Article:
Milton's Modernities (MLA 2014)
The term "early modern" implies that writers of the sixteenth and seventeenth centuries should have a place in our thought on the nature of modernity. This panel will explore that implication with a focus on John Milton, who has been described in recent criticism as delirious in his vacillation between modern authorship and pre-modern shamanism (G. Teskey), as having under-explored post-modern affinities for poetic ambiguity (J. Wittreich), as critiquing the bourgeois aesthetic ideology gaining traction in the late seventeenth century (V. Kahn), as illumining post-secularity in his negotiations of reason and belief (F. Mohamed), as resisting religious ceremonialism at the historical moment of God leaving the world (R. Schwartz), and as presciently scorning late modernity's ever-increasing urge toward image-making (D. Hawkes).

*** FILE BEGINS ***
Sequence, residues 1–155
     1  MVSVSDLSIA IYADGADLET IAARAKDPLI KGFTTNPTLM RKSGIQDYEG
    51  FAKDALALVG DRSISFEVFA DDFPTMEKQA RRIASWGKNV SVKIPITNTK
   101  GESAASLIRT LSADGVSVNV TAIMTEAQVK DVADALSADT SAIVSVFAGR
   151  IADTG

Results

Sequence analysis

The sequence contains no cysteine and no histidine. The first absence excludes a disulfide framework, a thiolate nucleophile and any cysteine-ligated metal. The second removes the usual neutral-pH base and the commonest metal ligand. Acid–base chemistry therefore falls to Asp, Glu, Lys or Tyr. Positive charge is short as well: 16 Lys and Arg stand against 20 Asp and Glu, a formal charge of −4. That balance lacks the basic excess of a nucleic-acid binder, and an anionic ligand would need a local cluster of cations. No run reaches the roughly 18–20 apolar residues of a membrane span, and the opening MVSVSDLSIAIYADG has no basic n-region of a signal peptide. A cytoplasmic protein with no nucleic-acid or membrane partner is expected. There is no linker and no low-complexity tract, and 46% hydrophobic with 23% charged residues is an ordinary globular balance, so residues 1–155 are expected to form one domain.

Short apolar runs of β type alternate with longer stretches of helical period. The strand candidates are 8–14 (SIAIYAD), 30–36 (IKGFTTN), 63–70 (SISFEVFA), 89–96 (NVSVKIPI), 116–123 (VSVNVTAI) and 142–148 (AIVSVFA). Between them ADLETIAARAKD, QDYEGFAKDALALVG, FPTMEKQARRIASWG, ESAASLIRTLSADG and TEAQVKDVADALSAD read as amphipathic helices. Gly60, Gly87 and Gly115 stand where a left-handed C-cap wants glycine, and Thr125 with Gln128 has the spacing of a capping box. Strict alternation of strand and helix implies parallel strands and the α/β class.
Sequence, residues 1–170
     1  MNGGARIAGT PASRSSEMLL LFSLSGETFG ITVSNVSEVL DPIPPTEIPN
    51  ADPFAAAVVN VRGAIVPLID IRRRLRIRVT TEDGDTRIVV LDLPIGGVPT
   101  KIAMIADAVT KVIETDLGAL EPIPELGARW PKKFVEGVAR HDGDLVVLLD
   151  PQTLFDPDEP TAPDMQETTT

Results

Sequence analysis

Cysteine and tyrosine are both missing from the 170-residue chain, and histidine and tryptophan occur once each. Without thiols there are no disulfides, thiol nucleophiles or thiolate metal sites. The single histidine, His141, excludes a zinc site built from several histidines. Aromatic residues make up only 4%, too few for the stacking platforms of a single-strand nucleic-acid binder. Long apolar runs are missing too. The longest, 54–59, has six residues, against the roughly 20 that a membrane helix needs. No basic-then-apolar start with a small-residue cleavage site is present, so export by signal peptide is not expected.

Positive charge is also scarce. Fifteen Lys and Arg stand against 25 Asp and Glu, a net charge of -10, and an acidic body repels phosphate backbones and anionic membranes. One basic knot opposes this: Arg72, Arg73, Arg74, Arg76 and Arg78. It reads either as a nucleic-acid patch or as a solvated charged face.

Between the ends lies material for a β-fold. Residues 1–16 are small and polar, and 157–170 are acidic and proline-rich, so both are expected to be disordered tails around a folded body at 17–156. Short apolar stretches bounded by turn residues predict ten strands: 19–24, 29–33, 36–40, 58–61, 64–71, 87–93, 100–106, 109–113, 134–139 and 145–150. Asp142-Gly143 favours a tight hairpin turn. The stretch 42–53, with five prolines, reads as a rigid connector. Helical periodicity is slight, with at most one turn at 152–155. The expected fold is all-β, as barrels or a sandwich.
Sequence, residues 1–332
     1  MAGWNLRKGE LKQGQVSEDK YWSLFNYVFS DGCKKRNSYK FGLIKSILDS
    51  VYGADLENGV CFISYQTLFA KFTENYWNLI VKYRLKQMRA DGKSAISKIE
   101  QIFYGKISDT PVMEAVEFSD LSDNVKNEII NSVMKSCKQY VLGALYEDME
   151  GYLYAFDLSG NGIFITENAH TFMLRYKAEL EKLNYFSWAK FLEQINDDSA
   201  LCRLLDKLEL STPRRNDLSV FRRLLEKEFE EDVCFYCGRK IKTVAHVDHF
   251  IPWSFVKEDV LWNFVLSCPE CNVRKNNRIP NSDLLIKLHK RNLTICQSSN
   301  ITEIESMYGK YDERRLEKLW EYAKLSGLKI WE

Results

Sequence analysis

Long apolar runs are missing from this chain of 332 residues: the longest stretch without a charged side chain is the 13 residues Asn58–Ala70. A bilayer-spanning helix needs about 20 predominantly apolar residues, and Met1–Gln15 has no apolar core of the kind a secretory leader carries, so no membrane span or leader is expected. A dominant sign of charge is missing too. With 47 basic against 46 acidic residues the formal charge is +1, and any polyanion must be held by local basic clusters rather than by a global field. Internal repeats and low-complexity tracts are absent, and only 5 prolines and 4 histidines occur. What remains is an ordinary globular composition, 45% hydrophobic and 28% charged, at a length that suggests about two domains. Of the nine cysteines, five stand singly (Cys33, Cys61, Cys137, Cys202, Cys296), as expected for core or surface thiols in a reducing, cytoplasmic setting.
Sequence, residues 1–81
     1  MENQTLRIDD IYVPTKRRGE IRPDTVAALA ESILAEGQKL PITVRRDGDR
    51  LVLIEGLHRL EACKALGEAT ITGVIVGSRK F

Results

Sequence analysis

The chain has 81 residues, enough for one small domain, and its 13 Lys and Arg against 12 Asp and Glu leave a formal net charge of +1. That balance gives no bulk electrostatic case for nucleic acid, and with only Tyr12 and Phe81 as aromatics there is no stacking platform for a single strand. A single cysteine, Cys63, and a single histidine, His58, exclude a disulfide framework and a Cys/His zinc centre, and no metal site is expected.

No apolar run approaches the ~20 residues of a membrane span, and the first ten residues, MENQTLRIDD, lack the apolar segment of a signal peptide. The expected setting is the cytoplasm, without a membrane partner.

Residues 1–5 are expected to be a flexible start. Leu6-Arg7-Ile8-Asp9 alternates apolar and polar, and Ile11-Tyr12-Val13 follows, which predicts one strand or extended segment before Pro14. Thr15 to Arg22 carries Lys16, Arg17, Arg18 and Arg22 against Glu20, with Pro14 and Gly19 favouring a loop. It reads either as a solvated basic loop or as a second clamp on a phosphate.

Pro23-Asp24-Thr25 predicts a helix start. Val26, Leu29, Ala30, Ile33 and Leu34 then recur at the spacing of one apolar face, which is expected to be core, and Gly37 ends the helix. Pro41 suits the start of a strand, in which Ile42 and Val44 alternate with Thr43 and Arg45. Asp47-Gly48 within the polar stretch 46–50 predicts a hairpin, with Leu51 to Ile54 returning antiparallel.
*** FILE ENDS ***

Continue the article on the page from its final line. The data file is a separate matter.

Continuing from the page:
Especially desirable are abstracts engaging the ways in which reading Milton invites us to expand our definition of modernity beyond narrowly conceived materialist and secularist formulations. Authors may take as their focus Milton's immediate historical context or pertinent moments of his later influence. They may wish to explore, but are not limited to, Milton's relationship to the following: the epistemological functions of reason, belief, and imagination; the theological turn in current philosophy; the nature of language and literary authorship; and definitions of political liberty that supplement and critique Enlightenment liberalism.